In Mansfield Park, Sir Thomas Bertram is a complex character whose goals and standards conflict to create internal chaos and self-delusion. Jane Austen imbues him with multiple sets of values (visible as early as the first chapter) and uses the narrative technique of revealing the character’s thoughts, as well as specific diction, to exhibit his crisis of values. This crisis is especially apparent when Sir Thomas evaluates his daughter’s engagement to Mr. Rushworth and when Sir Thomas faces the consequences of his parenting decisions at the end of the book.
Austen presents Sir Thomas Bertram’s multiple sets of values when initially introducing him to the reader in the first chapter. Sir Thomas possesses the moral characteristics of generosity towards others, love of his family, and, above all, an adherence to duty, order, and reason. However, Sir Thomas is also a pragmatist who wishes to increase his wealth, refine his social connections, and gratify his own ego. These seemingly conflicting sets of values are visible in Sir Thomas’s dealings with his in-laws and in his debate with Mrs. Norris about sponsoring Fanny, Mrs. Norris’s and Lady Bertram’s niece, and improving the Prices’ financial and social situation. His motivation stems “from principle as well as pride, from a general wish of doing right, and a desire of seeing all that were connected with him in situations of respectability” (3-4). However, Sir Thomas’s allegiance to his pride is emphasized. After the Ward sisters start to quarrel, Mrs. Price makes “very disrespectful reflections on the pride of Sir Thomas” which “put an end to all intercourse between them for a considerable period” (4). In the original situation, all of Sir Thomas’s sets of values coincide, allowing him to offer aid to the young couple without internal debate. He can improve his family connections, fulfill his moral obligation to help others, and bask in the afterglow of doing a good deed. Yet, after Sir Thomas’s pride is hurt, this balance is upset. Even though an act of charity would still bring almost all the positive results as in the initial situation, Sir Thomas’s ego is not gratified, placing his values in conflict and preventing him from acting. However, Mrs. Price’s pitiful plea for assistance smoothes Sir Thomas’s ruffled feathers, equilibrium is restored, and he can again offer aid. Helping the Price family now will again satisfy all Sir Thomas’s sets of values.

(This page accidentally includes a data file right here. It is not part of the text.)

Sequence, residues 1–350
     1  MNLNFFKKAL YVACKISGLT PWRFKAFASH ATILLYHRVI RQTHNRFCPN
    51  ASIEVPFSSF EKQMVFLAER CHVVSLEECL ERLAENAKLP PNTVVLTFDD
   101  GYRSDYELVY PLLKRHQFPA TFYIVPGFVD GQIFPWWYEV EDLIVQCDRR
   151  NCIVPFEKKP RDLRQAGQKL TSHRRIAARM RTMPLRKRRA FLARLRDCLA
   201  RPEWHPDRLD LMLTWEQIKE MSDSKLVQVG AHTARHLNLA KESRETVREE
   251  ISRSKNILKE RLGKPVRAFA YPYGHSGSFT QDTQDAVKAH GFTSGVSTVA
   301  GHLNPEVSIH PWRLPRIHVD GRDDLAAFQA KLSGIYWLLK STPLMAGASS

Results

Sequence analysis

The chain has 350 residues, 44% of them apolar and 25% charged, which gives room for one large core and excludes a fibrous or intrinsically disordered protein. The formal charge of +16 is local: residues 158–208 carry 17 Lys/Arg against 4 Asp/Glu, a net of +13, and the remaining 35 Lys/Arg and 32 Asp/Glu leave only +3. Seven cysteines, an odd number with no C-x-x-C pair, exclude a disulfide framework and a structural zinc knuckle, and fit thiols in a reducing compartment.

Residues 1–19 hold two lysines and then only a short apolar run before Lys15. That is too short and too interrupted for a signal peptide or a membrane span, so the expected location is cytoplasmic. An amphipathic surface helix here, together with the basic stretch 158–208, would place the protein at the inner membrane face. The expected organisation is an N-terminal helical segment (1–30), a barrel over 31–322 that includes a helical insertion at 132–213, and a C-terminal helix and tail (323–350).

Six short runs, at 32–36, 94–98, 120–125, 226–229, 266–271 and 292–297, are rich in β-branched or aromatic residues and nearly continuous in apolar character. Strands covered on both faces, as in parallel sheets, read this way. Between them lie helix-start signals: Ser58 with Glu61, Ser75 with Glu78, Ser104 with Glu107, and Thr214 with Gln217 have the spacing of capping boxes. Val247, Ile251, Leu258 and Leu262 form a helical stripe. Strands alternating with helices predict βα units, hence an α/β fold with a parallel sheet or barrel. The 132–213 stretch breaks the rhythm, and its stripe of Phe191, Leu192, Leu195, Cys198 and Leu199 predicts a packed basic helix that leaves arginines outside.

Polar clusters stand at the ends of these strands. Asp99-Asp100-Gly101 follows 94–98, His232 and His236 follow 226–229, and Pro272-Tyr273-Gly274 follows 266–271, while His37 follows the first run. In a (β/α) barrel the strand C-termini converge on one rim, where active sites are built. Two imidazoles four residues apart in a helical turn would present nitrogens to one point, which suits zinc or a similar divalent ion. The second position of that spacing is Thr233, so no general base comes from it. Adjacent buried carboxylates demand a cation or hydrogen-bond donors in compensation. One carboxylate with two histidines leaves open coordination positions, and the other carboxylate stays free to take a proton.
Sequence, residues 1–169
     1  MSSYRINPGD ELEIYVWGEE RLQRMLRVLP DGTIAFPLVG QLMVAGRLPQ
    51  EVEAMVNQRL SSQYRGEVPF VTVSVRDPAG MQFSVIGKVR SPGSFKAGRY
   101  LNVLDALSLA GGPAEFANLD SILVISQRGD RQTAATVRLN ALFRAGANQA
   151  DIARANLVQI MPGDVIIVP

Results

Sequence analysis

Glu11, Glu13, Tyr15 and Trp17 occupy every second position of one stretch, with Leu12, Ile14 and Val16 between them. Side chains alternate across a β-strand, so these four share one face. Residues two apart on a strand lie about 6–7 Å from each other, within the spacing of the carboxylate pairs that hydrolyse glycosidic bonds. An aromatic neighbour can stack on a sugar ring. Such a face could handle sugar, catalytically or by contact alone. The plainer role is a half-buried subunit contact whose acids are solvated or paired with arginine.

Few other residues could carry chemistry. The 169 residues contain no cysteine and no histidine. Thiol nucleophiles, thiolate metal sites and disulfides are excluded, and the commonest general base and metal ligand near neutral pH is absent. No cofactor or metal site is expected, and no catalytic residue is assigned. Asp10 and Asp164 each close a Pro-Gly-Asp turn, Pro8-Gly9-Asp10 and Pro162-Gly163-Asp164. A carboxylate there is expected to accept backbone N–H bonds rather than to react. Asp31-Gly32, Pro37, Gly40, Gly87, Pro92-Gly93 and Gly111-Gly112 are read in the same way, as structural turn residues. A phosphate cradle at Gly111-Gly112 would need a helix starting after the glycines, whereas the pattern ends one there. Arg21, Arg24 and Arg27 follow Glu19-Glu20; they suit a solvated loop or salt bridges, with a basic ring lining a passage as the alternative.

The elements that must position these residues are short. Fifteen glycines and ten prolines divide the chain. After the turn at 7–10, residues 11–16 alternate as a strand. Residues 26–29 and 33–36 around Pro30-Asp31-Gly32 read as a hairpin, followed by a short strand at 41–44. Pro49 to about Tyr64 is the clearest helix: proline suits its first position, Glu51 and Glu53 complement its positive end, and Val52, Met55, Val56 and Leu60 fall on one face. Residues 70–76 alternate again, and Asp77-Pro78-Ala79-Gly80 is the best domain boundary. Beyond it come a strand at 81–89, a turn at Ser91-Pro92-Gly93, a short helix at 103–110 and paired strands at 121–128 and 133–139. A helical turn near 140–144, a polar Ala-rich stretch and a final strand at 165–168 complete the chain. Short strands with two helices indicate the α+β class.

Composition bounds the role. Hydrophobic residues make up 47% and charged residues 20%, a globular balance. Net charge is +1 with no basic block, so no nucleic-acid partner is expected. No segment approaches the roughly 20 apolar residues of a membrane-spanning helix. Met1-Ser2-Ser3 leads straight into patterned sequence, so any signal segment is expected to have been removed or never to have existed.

When Sir Thomas considers the option of sponsoring Fanny, his values are again in conflict. The economic considerations of raising another child and the prospect of his daughters associating with an “inferior” battle with Sir Thomas’s wish genuinely to help Fanny (as well as soothe his ego). “He debated and hesitated, —it was a serious charge; —a girl so brought up must be adequately provided for” (6). Sir Thomas shows his blatant class bias and social ambition by noting that “‘[s]hould her disposition be really bad . . . we must not, for our own children’s sake, continue her in the family’” (10). Sir Thomas is anxious that his own daughters be considered above his new dependent:
“There will be some difficulty in our way, Mrs. Norris,” observed Sir Thomas, “as to the distinction proper to be made between the girls as they grow up; how to preserve in the minds of my daughters the consciousness of what they are, without making them think too lowly of their cousin; and how, without depressing her spirits too far, to make her remember that she is not a Miss Bertram.”
After Mrs. Norris’s barrage of counterarguments and flattery, Sir Thomas consents to sponsor Fanny and commits to “‘do our duty by her’” (9). Once he makes the decision to fulfill his duty, Sir Thomas follows it through to its natural conclusion.